How to Deal with Procrastination at College
Students face many challenging tasks in college. They deal with boring lectures, irregular schedules, and test anxiety.
The University of Calgary conducted a study that indicated that about 75% of students labeled themselves as procrastinators. Out of that number, 50% mentioned that procrastination was a consistent problem.
Everybody has their way of dealing with procrastination. Some people are lucky enough not to have this challenge, while others try hard but still find it difficult.
How can you deal with procrastination? These tips can help:
1.Organize every aspect of your school life. Anything can become a source of procrastination. So, to minimize the issue, organize your school life.
Plan out your week when you start classes.
If there are homework and exams, indicate them in the plan.
Keep track of not just the assignments but also their deadlines.
When you organize your school life, you get an orderly framework from which to work.
2. Minimize distractions. In the pursuit of overcoming procrastination, it's easy to succumb to distractions. Distractions make us lose sight of what's essential. They turn us from people who get things done into people who don’t do the things that we know are necessary.
If you want to master procrastination, it’s important to cut out distractions. These may include emails, phone calls, and social media. Remember that this practice is temporary, but guarantees your success, so hang in there.
3. Learn to prioritize. It's easy to get distracted. It's easy to think that the only way to get things done is to do them all simultaneously. That won't work. You have limited time, and you can't do everything at once.
Addressing the most important tasks first will make it easier for you to do everything later.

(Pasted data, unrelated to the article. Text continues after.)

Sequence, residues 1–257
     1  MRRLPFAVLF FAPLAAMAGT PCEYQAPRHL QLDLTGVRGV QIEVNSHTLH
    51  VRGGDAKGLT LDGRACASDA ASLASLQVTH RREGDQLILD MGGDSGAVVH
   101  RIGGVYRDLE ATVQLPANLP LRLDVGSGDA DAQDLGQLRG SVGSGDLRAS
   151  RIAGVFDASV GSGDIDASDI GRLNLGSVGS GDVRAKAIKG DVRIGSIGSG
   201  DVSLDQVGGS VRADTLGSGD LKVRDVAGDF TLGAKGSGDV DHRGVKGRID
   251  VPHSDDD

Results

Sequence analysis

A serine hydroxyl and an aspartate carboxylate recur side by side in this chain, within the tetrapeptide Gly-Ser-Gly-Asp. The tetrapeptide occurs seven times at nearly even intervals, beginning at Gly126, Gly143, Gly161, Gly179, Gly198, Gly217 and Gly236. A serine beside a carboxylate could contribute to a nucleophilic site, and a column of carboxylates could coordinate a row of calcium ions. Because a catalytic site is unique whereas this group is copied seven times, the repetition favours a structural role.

To illustrate, imagine you needed to fill a bucket with sand and stones. If you start with the sand, you will pack the bucket, and you won't have any space for rocks. However, when you start with the stones, you will have enough room for the sand, and it will seem easier to fill the bucket.
That's why it's better to note down your priorities in writing so you can guide yourself and achieve more. You'll also find that everything is more likely to fall into place, just like the sand.
4. Use rewards and incentives to beat procrastination. Everyone procrastinates for a reason. If you have a lot of work to do, and you wonder why you won't do it, there's a reason. Maybe an assignment is too dull or too rigid.
Rewarding yourself for being productive makes it easier for you to achieve more than if there were no reward at all. You could frame it this way, "Once I finish this study activity, I will reward myself with a trip to the movies."
5. Keep yourself accountable. Accountability is one of the essential factors in beating procrastination. However, it's not easy to find someone else willing to keep you accountable. Others are busy and don't have enough time to supervise what you do all day.
One way around this issue is setting up a threat. For instance, you can tell yourself that if you don't finish an assignment on time, you'll post on Facebook that your grades are dropping. The mere thought of embarrassment may keep you motivated enough to complete your work.
You can also become accountable to yourself. Think about the implications of procrastination. You could fail your exams, lose your grades, and not be able to graduate. The thought of all the negative things that could happen will likely be enough motivation to get you started.
We all face procrastination every day. It's a source of stress and frustration, especially if you have a big assignment due soon.
Always remember that you are entirely responsible for your actions. The consequences of procrastination are often too serious to ignore. Follow these top tips and say goodbye to procrastination.
Thank you for reading our blog!
- Mike Acker
Check out my new book on Public Speaking: Speak with Confidence, published by WILEY.
A breakthrough to develop confidence in speaking, leadership, and life. A follow-up book to my best-selling book, Speak with No Fear